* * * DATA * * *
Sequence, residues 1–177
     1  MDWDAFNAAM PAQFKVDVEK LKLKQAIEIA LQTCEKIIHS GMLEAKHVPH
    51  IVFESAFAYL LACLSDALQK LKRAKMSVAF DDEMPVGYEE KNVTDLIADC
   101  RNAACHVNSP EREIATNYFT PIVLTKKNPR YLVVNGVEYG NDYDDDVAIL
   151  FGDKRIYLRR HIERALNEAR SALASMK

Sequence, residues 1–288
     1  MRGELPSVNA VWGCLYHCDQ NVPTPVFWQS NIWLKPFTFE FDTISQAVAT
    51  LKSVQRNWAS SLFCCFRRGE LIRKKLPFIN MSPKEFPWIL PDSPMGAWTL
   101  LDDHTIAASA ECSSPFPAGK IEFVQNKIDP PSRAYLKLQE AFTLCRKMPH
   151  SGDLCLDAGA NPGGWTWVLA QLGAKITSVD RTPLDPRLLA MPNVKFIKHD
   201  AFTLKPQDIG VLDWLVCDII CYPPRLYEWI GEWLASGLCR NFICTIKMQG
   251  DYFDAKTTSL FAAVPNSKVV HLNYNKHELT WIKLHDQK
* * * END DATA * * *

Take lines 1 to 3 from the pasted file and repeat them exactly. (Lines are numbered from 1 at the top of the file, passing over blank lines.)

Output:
Sequence, residues 1–177
     1  MDWDAFNAAM PAQFKVDVEK LKLKQAIEIA LQTCEKIIHS GMLEAKHVPH
    51  IVFESAFAYL LACLSDALQK LKRAKMSVAF DDEMPVGYEE KNVTDLIADC